I don’t know if I’m just enjoying traveling more and more what but my trips just keep getting better and better. This past weekend Travis, Fletcher, Arancha (one of the new volunteers from España) and I hired a guy (Chavi) to take us to Tortuguero for $120. I know my sister Taylor (traveled all through SA and Europe w/o “tour guides”) is probably squirming at this but it was well worth it. We avoided three bus exchanges and replaced it with our own van, cutting travel time in half and made it just in time for the afternoon water taxi ride. Stayed in an ocean front hostel, and had four tours lined up with a guide, including park entrance. All we had to pay for was food and drink.

After the hour long Disney’s Jungle Cruise complete with alligator as well as the next scene from Planet Earth (I was just waiting for an alligator to take down the drinking cow on the river bank (see slideshow)) we landed in tiny Tortuguero Village. This village of about 3,000 makes every cent off of tourism through tours, sodas, markets, and housing. Being on the Carribean coast, the look and vibe of the people was completely different than the west coast beach towns. Because of the African heritage, the people are much darker than western Ticos and have a very laid back, Reggae music Bob Marley attitude.

After getting situated into the hostel, we rushed to a soda near the river side of the village and then hopped into a canoe for our first tour. We were supposed to have the tour the next morning but a storm was supposed to be rolling in (locals as well as Tirimbina staff says it rains almost every day their in the rainy season, but as you will see we were extremely lucky). Anywho, pretty sure he had a few drinks before we left because  Chavi actually pointed out almost everything that was hidden. But he was funny and kept us laughing, starting almost every sentence with “Ok my friends, let me explain you this. For example…” He also did almost all the paddling which was nice since it was at least 80 degrees and humid in the sun. We saw these giant black birds bigger than turkeys (actually related to them) that reminded me of the Dodo birds from Ice Age, a caiman, a few very large iguanas, and the Giant Green Macaw which are endangered and according to our guide “very hard to see in Tortuguero”. We saw five…

After the canoe tour, we had an hour to kill so we got some chips and hung out in the hammocks at our hostel with some Casique drinks. If you’re only interested in what I did, skip this paragraph because I am going to talk about how Tortuguero and the turtle tours work. There are three species of turtles that lay eggs on the 30 km of beaches of Tortuguero, only 5 of those km are accessible to the public. In these 5 km, there are about 100 sections, that are assigned to the guides daily along with a time period (from 8-10 and 10-12). This is to ensure less than 500 people on the beach at a time as well as everyone being able to see the turtle. It also ensures that you’re going to have to walk a lot to get to your spot. Once to your assigned spot, you wait for one of the five “staff volunteers” to walky talk your guide saying they found one, in which you then enter the beach and wait again until the turtle has begun to lay her eggs. If the turtle recognizes any humans or lights, she will retreat until safe. Once she has started the process, tourists can approach and only look with red light. That means no cameras, cell phones, etc or she will retreat.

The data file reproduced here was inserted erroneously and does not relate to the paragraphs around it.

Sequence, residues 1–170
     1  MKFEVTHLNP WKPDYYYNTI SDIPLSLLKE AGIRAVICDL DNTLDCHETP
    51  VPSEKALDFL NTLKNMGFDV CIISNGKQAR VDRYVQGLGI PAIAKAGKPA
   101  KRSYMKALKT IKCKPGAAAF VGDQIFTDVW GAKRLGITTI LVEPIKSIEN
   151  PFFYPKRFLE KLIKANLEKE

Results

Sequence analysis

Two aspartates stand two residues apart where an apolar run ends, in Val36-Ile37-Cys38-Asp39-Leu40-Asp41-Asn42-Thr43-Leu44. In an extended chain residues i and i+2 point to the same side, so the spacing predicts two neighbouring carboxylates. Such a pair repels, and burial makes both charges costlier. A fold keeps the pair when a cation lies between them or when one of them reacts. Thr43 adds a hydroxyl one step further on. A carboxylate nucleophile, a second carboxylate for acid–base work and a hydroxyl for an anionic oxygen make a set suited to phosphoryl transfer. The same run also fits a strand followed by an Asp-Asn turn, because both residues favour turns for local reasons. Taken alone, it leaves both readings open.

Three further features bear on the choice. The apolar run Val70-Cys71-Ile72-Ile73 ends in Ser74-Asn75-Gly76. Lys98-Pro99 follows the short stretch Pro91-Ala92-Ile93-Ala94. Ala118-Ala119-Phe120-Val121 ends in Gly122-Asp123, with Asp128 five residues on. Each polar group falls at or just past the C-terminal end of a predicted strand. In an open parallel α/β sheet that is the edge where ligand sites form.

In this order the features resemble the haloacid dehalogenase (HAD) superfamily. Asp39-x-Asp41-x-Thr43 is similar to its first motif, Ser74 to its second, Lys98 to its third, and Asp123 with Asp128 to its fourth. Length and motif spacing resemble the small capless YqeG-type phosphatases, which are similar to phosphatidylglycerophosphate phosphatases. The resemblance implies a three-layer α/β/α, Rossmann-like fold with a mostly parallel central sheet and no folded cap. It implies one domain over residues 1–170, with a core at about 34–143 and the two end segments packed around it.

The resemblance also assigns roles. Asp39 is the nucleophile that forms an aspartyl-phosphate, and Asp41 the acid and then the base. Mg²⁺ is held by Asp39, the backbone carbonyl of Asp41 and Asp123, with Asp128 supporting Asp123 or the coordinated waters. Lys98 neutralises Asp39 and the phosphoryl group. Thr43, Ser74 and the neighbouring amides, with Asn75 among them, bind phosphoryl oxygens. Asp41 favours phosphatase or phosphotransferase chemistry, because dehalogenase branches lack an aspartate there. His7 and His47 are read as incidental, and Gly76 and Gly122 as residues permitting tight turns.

Interesting side notes:

1 in 1000 eggs will survive to reproduce

The green turtle will lay eggs 5 times a season, totaling over 500 eggs

Female green turtles don’t reproduce until the age 25

The female turtle always returns to the same exact spot

The temperature determines the sex of the eggs, therefore all the turtles laid in one night will hatch the same sex

Jaguars kill three to four turtles a night (due to decline in natural prey and is becoming a problem)

Our tour was really cool because it was a crystal clear night with stars and close to a full moon. The process was really amazing, seeing her contract, hearing her breathe, the way she covered them and then proceeded to build a false nest. Unfortunately we didn’t get to see her walk back to the water, but we took care of that. We decided that night to wake up at 4 the next morning to go and find a turtle and take pictures of her with natural light (ended up being the flash on Chavi’s camera but it was alright because she had already laid the eggs). Anyways, it was totally worth it because we got to touch her shell and flippers, got some great pictures as the sun was rising and she walked to the ocean, and the sunrise on the Carribean was phenomenal. All together it was my best night here in Costa Rica so far. Sunday topped off the phenomenal weekend with sunshine, fresh coconuts, Ticas, and fresh coconuts from above our heads. Couldn’t have been a better weekend.

Oh wait it was because they served fish for dinner at Tirimbina!